IGNITING THE FLAME OF UNITY

 

THE HISTORY OF THE

  BRIGHTON BRANCH OF A.S.L.E.F.



  

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EPSOM

28th SEPETEMBER 1899

INVOLVING DRIVE RICHARD JENKINS AND HIS FIREMAN ELEY

(DEPOT UNKNOWN)

extracted and adapted from the report by
H.A. YORKE
LIEUT - COL., R.E. (RETIRED) 

A collision occurred at 9.25 p.m. on the 28th September at Epsom station on the London and Both Western Railway. The 7.10 London, Brighton and South Coast passenger train from Portsmouth to London when passing through the station with all signals off for it, came into collision with four wagons and a brake van, which were sanding on the London and South Western platform line foul of the London, Brighton and South Coast through line, on which the train was travelling. The speed at the time of the collision is to have been from 15 to 20 miles an hour.
Eight passenger and the guard of the train sustained slight injuries.
The London, Brighton and South Coast passenger train consisted of a four wheels coupled express passenger engine, six wheeled tender, and eight coaches, of which four were eight wheeled bogie stock, three others six wheeled, and one four wheeled. There was a brake van at each end and one about the middle of the train. The engine and the train were fitted throughout with the Westinghouse brake, which was in good order. The train was not derailed but it became separated between the second and the third coaches. The engine ad its chimney knocked off, dome casing damaged, leading buffer plate bent, besides receiving other trifling injuries. The carriages were practically undamaged, but three windows and one screw coupling were broken.
Two of the wagons were derailed and badly smashed, one other was slightly damaged, and the brake van had its windows broken.
The engine of the passenger train came to rest about 60 yards from the point of collision.

DESCRIPTION

This station, which is the property of the London and South Western Railway, consists of two platforms, with four lines of rails between them. The lines adjacent to the platforms are the London and South Western lines, while the two other lines belong to the London, Brighton and South Coast, none of whose trains stop at this place. West of the station the four lines converge into two lines, which from here to Leatherhead are the joint property of the two Companies. The signal box is situated on the up side of the joint line, about 200 yards from the station in the direction of Leatherhead, and the facing points of the junction where the up joint line bifurcates into the up London and South Western and up London, Brighton and South Coast lines are 65 yards east of the box, that is to say between it and the station.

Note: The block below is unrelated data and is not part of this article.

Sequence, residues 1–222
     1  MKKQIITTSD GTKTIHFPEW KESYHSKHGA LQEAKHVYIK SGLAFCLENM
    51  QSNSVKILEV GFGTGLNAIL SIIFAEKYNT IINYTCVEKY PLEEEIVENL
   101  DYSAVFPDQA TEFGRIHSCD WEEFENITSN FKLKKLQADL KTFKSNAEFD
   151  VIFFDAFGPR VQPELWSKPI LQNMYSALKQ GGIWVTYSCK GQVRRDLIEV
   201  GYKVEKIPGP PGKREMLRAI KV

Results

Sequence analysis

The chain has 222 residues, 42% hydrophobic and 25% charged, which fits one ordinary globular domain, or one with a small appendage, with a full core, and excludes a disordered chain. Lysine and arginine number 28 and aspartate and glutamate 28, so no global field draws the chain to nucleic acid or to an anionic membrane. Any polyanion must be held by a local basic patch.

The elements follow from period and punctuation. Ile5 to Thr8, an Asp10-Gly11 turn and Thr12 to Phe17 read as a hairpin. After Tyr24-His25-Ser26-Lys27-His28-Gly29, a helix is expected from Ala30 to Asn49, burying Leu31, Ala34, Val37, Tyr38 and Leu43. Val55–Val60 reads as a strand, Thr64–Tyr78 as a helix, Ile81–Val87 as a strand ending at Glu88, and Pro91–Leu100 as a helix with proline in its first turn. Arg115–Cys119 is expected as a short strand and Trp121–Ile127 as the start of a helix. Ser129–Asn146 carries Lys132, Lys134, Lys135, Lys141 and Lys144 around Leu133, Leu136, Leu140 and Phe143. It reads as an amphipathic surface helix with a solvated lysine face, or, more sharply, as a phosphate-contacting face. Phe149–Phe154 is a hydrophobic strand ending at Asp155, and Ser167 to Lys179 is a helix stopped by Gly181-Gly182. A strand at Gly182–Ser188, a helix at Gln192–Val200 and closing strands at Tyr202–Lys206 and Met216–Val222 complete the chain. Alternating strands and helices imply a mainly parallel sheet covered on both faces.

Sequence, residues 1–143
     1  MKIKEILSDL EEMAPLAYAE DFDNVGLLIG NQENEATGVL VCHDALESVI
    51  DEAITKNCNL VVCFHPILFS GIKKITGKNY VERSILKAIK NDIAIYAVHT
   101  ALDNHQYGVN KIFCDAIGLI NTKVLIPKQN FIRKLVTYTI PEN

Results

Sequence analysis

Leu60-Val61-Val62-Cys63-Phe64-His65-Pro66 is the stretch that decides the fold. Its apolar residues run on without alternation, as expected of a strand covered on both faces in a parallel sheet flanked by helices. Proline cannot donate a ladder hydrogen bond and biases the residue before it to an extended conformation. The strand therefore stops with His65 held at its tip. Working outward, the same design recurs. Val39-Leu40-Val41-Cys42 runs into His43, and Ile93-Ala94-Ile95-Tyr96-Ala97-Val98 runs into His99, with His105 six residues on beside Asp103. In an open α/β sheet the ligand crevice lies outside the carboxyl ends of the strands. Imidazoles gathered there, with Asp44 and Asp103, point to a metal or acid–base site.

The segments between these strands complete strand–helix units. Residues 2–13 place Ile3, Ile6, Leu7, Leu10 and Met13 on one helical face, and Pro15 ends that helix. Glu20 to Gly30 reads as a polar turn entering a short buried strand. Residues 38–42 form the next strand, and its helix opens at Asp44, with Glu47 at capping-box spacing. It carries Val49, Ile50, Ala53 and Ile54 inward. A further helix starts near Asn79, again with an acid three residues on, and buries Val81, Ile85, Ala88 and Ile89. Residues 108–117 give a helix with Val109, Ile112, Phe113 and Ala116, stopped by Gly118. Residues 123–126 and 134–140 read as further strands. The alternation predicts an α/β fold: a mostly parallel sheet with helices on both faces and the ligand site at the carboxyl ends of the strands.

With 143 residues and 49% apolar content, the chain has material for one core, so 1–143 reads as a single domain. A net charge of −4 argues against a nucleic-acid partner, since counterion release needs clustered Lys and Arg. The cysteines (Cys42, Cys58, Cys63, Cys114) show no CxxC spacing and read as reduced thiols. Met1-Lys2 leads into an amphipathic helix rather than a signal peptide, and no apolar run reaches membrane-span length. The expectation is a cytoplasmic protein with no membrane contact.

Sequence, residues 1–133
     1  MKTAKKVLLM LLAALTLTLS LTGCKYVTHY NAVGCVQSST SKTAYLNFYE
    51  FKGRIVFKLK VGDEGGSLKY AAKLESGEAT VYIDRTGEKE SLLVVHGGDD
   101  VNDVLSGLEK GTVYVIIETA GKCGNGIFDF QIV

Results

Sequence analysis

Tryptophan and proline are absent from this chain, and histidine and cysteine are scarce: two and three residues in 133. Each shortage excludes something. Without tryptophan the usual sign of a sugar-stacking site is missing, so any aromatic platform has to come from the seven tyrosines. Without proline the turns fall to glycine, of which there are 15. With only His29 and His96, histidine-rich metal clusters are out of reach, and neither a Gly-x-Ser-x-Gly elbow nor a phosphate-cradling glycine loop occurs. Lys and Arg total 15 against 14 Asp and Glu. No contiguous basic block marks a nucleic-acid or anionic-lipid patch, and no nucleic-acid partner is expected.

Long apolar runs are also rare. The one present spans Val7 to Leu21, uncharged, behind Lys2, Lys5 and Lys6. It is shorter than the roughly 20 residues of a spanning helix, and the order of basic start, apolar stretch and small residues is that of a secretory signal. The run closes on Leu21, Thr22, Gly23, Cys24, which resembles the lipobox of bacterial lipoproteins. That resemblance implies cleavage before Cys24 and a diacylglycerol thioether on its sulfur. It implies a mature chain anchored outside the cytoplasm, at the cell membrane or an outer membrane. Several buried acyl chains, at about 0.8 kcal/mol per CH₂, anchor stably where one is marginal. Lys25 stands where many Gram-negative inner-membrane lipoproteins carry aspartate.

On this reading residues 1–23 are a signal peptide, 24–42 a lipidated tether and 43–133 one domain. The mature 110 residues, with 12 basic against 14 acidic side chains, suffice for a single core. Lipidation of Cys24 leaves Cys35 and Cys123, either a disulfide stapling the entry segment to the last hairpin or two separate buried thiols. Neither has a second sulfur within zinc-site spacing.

On the west side of the signal box and on the up side of the joint line there is a refuge siding, the outlet from which on the up line is nearly opposite the box. The goods yard is on the down side of the place.
The up home junction signals are 120 yards on the Leatherhead side of the signal box, the outer home signal is 375 yards outside the home, and the distant signal is 392 yards from the outer home/ Electrical bars are placed on the London and South Western and London, Brighton and South Coast up lines at the fouling of the two lines, the effect of which is to render it impossible to lower the home signal for one line, so long as any vehicle is standing on or passing over the fouling bar on the other line. The facing points of the junction between the two up lines are fitted with a locking bar, the distance between the electrical bars and the locking bar being 60 yards, and the point of collision was midway between the two.
The line from the direction of Leatherhead falls towards Epsom at an inclination of 1 in 110, nearly up to the facing points on the up line, and from here the inclination is 1 in 250 (still falling) through the station. There is an easy curve to the right of 65 chains radius.